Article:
Our anger at the terrible waste the destruction of the houses and living spaces we have built here represents is profound this morning. Our emotion at the idea that the collective experiment that is the ZAD can be endangered by a police/army assault is strong. But the ZAD will not will disappear because of this. We live here, we have roots here in this countryside, and we shall not leave it. We salute the courage of the people who have already joined us on the site and have answered our calls. In 2012, the government’s destructive arrogance ultimately turned against it. In the current context of widening strikes, demonstrations, and occupations throughout the country, we believe that the razing of Notre-Dame-des-Landes will become a new engine of a revolt that will take hold. This destructive operation will turn against its perpetrators. We call on all those who can join us now or in the next few days to come to the ZAD. More than 80 assemblies are already planned all over France this evening, including in Nantes and Rennes at 6 PM. The response to these expulsions will also extend over time. A demonstration has been called in Nantes on Saturday and a convergence on the ZAD is being organized for this weekend.
We also share the following statement signed by hundreds …
A Tribune : “In defence of the ZAD, to resist Emmanuel Macron and his world”
The police and military evacuation of some of the residents of the ZAD of Notre-Dame-des-Landes should begin in the next hours. In the midst of a broad social movement, this intervention does not surprise us. We are convinced that these struggles – to defend the ZAD, the SNCF, truly open universities or authentically human policies of hospitality and welcoming migrants – are linked to each other, and that they participate in the same movement.
The police and military evacuation of some of the inhabitants of the ZAD of Notre-Dame-des-Landes seems more and more likely, and should begin in the coming hours. The first historic victory of the fight against the airport, which the government was forced to abandon on January 17, opened a new phase in the struggle around the issue of the future of the ZAD. Since then, Emmanuel Macron, Édouard Philippe and Gerard Collomb have seemed determined to close the history of the struggle for this territory. For this, the government first played (and continues to play) with division, trying to convey the idea that some of the occupiers would have no legitimacy to remain in a territory that they have, however, directly helped to protect against concrete and airplanes.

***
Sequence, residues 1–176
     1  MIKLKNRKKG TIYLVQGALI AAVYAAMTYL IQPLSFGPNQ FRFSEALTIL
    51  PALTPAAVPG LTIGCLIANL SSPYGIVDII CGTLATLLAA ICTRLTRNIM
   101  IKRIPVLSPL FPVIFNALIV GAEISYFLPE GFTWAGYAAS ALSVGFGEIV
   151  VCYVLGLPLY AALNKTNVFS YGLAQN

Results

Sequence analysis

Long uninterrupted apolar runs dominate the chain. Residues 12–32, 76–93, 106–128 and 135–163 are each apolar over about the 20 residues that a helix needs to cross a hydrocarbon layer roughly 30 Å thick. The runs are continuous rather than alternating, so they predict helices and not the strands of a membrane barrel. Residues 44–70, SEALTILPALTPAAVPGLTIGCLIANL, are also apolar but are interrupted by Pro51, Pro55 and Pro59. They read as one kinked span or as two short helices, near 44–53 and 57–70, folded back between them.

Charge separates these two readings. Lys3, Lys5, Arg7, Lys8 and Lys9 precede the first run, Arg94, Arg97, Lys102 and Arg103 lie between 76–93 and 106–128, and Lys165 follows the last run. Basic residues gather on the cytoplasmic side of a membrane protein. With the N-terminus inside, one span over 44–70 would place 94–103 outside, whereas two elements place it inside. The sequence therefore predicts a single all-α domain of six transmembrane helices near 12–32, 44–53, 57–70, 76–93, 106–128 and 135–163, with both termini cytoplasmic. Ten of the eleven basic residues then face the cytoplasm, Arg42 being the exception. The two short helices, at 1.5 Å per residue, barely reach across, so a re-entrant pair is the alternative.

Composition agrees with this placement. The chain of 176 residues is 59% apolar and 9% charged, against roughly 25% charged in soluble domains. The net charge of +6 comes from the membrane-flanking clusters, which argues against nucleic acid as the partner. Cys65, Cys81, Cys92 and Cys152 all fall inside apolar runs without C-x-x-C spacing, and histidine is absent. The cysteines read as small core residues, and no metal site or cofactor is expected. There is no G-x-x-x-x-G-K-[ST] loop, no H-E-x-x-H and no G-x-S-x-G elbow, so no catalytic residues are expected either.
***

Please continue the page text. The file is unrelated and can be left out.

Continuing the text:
Since 2013, the movement as a whole has affirmed its willingness to collectively manage the lands of the ZAD, which the government now refuses, and which it now threatens with expulsion, with an eagerness that nothing justifies. Faced with this risk of evictions, we reaffirm our unwavering solidarity with all of the inhabitants of the ZAD, regardless of their status, regardless of their home, whether they have a title deed or not, etc.
The choice of the government to proceed with the evacuation operation in the midst of a full social movement – at the SNCF, in the civil service or in the universities (not counting the many other mobilizations in progress) – does not surprise us. An evacuation operation will, of course, reinforce the growing rejection and shared policies of Emmanuel Macron. But the government is no doubt betting that it will manage to use the multiplication of fronts to divide the current mobilizations.
We must therefore build ever stronger alliances and oppose this aberrant military operation, which mobilizes at least 2,500 military and 1,500 police officers to violently evacuate an area where resilient and sustainable ways of life are being created.